They may not have been his last words, but they were some of the last words he'll be remembered as saying before dying of a fentanyl overdose.
"We're ----ed up for doing this."
Those were the sentiments Robert Rawson and Peter Miltner shared together moments before snorting fentanyl inside Rawson's motel room on the afternoon of Feb. 15, 2018, Miltner said earlier this week during the trial of a Milton man charged in Rawson's death.
Miltner, 29, is already serving four to eight years for his part in delivering the fentanyl to Rawson, who died at the age of 28 leaving a wife and two young daughters.
Now prosecutors are trying to send a message that if you play any kind of role in delivering deadly narcotics to someone who dies, you may have to pay a heavy price.
During trial this week, prosecutors laid out what they believe happened in the hours leading up to Rawson's death using Facebook messages to support their accusation it was Gregory Collins, 38 of Lord Lane, Milton, who supplied the deadly dose to Miltner, the middleman.
But what was most poignant and heart wrenching about the digital evidence displayed in the courtroom was Rawson's apparent desperate attempts to secure a fix, offering up his last $20 given him by his mom so he could buy food.
Fresh off another rehab and suffering a full-blown relapse he begins messaging potential suppliers around noon.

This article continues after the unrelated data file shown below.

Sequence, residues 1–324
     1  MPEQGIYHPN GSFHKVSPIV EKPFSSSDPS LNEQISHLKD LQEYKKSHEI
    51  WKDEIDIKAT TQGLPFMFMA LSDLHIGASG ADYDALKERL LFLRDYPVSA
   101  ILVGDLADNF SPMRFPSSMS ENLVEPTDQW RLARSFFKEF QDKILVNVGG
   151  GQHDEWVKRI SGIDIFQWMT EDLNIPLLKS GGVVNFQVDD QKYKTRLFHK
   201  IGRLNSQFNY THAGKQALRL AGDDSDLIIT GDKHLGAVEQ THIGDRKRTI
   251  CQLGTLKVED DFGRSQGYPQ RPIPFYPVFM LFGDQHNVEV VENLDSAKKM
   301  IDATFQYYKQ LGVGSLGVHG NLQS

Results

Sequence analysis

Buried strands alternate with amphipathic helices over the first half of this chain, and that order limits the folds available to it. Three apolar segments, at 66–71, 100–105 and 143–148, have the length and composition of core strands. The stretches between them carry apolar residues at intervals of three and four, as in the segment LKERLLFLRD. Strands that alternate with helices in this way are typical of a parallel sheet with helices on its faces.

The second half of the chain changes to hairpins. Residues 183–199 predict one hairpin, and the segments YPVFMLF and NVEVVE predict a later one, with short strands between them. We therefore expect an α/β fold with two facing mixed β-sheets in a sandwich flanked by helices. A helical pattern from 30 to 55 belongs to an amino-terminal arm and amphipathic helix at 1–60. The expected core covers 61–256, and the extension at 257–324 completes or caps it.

"Is there anyway you can help me find anything if not it's ok and I'm sry (sic) to ask," he messages one.
After that connection says they have nothing, he moves quickly, methodically on to another, asking them, "Can you guys point me in the direction of getting I need a "40." (four tenths of a gram of fentanyl).
This connection, who tells Rawson she's not using anymore, is upset her friend is about to go off the wagon again.
"I have no idea I'm clean not (thought to mean now) and everyone is getting popped," she says, adding, "Why are you doing this again?"
Meanwhile, Rawson remained desperate for a fix. Finally, sadly, a connection was made.
At 1:32 p.m. Miltner answers Rawson's earlier call.
According to courtroom exhibits the messages are as follows:
Rawson: What time you out of work?
Miltner: I'm out
Rawson: Can you help me again I'll hook you up
Miltner: What you need
Rawson: I'm at the greenwood inn
The two then allegedly discuss whether Rawson should walk down to Home Depot before Rawson suggests they come to his room at the Greenwood to which Miltner and Collins allegedly agree.
At 1:38 p.m., with Miltner on his way, the messages start anew.
Miltner: Been rough day thank god tomorrow is payday
Rawson: I got you bro get you right
Miltner: See you soon bro
Rawson: Word you're the man
Miltner: Almost there
Rawson's frenzied, desperate attempts to get his hand on some fentanyl were about to be realized.
He would soon have a final snort of fentanyl with his sometime friend and enabler Peter Miltner, and then soon after the husband and father who liked to work hard, listen to music and watch movies would be snuffed from this world far too soon.
So Miltner's in jail for up to eight years. Collins, who is awaiting his verdict, is facing up to life if found guilty. And Robert Edward Rawson II is dead far too soon.
We know in our hearts and minds that this is going on every day in Rochester, but this week's trial helps to put a human face on the problems of addiction, even among those like Rawson who were determined to quit but couldn't.